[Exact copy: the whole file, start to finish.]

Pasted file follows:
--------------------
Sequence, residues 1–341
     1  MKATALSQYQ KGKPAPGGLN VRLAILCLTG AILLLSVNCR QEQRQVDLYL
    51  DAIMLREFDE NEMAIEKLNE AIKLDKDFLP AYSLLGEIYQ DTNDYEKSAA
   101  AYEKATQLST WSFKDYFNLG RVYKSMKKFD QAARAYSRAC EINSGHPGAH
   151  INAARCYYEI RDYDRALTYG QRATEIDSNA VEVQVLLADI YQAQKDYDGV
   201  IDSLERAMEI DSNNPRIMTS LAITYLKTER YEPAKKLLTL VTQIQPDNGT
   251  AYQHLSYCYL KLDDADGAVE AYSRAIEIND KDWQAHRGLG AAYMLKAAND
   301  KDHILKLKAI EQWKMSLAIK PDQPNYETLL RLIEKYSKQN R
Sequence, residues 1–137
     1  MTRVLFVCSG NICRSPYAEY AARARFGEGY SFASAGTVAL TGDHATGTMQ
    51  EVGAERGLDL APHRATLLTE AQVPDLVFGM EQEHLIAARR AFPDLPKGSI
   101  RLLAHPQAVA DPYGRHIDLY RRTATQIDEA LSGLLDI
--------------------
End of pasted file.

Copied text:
Sequence, residues 1–341
     1  MKATALSQYQ KGKPAPGGLN VRLAILCLTG AILLLSVNCR QEQRQVDLYL
    51  DAIMLREFDE NEMAIEKLNE AIKLDKDFLP AYSLLGEIYQ DTNDYEKSAA
   101  AYEKATQLST WSFKDYFNLG RVYKSMKKFD QAARAYSRAC EINSGHPGAH
   151  INAARCYYEI RDYDRALTYG QRATEIDSNA VEVQVLLADI YQAQKDYDGV
   201  IDSLERAMEI DSNNPRIMTS LAITYLKTER YEPAKKLLTL VTQIQPDNGT
   251  AYQHLSYCYL KLDDADGAVE AYSRAIEIND KDWQAHRGLG AAYMLKAAND
   301  KDHILKLKAI EQWKMSLAIK PDQPNYETLL RLIEKYSKQN R
Sequence, residues 1–137
     1  MTRVLFVCSG NICRSPYAEY AARARFGEGY SFASAGTVAL TGDHATGTMQ
    51  EVGAERGLDL APHRATLLTE AQVPDLVFGM EQEHLIAARR AFPDLPKGSI
   101  RLLAHPQAVA DPYGRHIDLY RRTATQIDEA LSGLLDI